by Rachel Beaumont

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May I have my Adès less deconstructed: In Seven Days with the London Sinfonietta at the Southbank Centre

Adès Deconstructed: In Seven Days
London Sinfonietta and the Royal Academy of Music Manson Ensemble
Royal Festival Hall
1 February 2017
Balcony C47, £15 – upgraded to Stalls G34

Like everyone, I love the London Sinfonietta. But I hesitate to follow them on their current drive to make the music they perform more accessible to a wider audience. Not because I disagree with the aim – of course not. I just wonder if there would be better ways to achieve it.

Wednesday's concert was a half-hour piece of music by Thomas Adès, preceded by a twenty-minute interval, preceded by a half-hour introduction to the Adès. Why was I there? Because I love the Sinfonietta, admire Adès and am not very good at reading concert summaries before buying a ticket. Why were none of my Sinfonietta-loving, Adès-admiring friends there? Because they actually read about what they are buying and realized a thirty-minute talk about a piece they already knew quite well was not really their cup of tea. The result was a very empty Royal Festival Hall. Boon in that I got to sit in an expensive seat for once, terrible shame in that a performance of a strong work from a leading composer by an excellent ensemble and some well-drilled students was heard by so few.

Of course, there are plenty of superb concerts that receive poor audiences and the RFH is possibly always going to be ambitious for a Sinfonietta concert. But still, the core audience was lost and the wider audience London Sinfonietta seeks did not seem to step into the breach.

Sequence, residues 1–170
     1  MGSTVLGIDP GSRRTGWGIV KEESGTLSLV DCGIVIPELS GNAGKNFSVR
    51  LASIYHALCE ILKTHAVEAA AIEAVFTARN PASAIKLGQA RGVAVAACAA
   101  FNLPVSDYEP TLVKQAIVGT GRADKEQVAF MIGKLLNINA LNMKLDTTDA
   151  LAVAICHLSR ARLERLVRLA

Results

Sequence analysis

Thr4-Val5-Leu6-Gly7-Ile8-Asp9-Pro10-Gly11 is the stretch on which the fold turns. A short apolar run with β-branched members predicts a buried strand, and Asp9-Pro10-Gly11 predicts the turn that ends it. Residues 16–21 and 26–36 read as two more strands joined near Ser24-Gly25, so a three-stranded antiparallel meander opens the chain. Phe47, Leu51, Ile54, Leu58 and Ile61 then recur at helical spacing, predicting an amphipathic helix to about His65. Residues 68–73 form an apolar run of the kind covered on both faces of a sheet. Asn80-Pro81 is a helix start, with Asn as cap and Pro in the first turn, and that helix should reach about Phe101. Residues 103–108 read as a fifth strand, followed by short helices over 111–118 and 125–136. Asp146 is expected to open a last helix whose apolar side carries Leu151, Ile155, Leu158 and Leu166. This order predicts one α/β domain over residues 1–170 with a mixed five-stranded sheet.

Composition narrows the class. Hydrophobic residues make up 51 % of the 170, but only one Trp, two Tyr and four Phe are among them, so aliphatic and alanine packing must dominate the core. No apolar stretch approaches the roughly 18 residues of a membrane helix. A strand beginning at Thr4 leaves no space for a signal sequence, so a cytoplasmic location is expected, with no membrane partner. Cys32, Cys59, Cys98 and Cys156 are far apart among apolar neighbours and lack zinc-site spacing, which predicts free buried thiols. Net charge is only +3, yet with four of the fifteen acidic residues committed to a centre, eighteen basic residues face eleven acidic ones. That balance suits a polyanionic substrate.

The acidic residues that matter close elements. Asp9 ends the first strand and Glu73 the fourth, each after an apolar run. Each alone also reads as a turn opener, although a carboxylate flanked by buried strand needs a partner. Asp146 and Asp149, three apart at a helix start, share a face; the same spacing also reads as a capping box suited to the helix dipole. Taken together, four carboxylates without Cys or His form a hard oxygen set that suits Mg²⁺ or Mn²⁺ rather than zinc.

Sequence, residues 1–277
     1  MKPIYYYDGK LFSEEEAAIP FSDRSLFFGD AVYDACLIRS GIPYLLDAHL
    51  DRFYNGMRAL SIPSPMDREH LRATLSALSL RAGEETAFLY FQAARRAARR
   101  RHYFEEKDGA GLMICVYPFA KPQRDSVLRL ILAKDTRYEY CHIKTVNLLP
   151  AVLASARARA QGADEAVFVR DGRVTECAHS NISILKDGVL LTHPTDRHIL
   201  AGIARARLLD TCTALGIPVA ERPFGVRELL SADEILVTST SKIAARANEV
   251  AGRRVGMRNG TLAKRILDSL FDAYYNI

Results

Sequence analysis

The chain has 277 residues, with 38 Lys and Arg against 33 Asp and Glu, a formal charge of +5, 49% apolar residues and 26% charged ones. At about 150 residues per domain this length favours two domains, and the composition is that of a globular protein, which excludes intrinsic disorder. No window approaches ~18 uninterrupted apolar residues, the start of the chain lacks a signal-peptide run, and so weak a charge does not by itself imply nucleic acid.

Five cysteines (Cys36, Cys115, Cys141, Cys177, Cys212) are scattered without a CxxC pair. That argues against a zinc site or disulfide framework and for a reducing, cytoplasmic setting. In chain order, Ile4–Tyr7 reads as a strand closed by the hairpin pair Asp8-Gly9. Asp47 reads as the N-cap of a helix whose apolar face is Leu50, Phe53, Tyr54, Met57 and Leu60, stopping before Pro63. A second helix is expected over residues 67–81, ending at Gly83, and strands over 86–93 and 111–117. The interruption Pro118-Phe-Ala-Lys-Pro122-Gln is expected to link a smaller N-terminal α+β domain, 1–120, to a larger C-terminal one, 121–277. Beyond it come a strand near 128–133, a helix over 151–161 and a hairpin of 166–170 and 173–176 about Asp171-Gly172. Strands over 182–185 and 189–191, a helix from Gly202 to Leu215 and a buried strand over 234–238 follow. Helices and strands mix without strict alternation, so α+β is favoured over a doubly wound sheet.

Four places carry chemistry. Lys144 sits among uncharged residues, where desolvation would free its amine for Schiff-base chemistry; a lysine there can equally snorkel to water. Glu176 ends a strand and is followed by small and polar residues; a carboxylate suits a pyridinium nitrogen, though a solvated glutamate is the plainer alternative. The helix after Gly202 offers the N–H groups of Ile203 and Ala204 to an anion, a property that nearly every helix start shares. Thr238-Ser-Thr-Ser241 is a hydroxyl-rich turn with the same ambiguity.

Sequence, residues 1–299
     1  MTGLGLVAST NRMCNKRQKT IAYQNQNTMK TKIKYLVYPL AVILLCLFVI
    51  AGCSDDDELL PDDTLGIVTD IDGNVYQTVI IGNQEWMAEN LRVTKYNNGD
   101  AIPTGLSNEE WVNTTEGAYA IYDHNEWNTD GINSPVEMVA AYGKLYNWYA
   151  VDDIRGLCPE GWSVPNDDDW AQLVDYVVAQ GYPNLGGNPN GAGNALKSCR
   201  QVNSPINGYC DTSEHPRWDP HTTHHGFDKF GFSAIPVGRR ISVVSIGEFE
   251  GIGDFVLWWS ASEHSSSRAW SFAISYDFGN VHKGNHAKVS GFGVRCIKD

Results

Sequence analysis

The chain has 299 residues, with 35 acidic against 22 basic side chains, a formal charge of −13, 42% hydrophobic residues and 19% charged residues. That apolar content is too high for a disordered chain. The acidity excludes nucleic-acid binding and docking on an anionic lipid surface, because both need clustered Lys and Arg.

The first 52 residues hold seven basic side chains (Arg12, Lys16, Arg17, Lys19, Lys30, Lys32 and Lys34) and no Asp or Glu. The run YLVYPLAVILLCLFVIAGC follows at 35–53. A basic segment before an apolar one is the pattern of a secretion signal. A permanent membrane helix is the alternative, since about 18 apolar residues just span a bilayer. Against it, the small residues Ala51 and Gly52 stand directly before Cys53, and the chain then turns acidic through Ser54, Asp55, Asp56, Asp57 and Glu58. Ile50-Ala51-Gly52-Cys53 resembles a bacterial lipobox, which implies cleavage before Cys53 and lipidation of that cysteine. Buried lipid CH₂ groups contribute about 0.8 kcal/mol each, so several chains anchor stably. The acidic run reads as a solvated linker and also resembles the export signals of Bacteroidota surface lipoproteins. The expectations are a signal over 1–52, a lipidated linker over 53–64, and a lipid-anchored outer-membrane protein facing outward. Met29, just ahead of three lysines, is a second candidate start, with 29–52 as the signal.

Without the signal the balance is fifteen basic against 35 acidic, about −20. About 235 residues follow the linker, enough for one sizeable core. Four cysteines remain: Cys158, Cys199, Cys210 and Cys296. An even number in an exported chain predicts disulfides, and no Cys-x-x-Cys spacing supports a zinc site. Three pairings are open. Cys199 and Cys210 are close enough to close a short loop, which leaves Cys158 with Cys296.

But then, who would? Who would buy a not-cheap ticket for an evening show about a composer they were unfamiliar with, even if it did come with a preliminary talk? Who likes preliminary talks anyway? Perhaps that's harsh, perhaps lots of people get things from them – but, as with the Southbank Centre's otherwise excellent festival of 20th-century music in 2013, a lot of people stay away because of them.

The talk itself was, unsurprisingly, confused about what level it was aimed at. Presenter Zoë Martlew is good and clearly knows her stuff. She seemed more comfortable than her cohort Samuel West, who looked oddly abashed. No matter. There's lots that's interesting to say about In Seven Days, so where do you start? We had serialism introduced – fine. We had some rows pointed out – fine. Then we had a discussion of what 'horizontal' and 'vertical' mean in the context of music – ok… Then we had an explanation and demonstration of a chromatic scale, performed in a slow and careful solo by Rolf Hind. Is that necessary?

I'm not a fan of the upside-down structuring of information, but it seemed incredible to me that anyone there would benefit from an explanation of what a chromatic scale is. On the radio, in Radio 3's excellent 'Discovering Music', sounds sensible. In a school, absolutely. In a paid-for ticketed concert with only one piece on the programme, surely not. Add in some cringeworthy banter between Martlew and West and you have a very slow first half-hour to the concert.

The piece itself is not one of my favourites (even after an explanation of what it's all about). It's undeniably impressive, though, as were the performances by all involved, including rock-steady conductor Sian Edwards.

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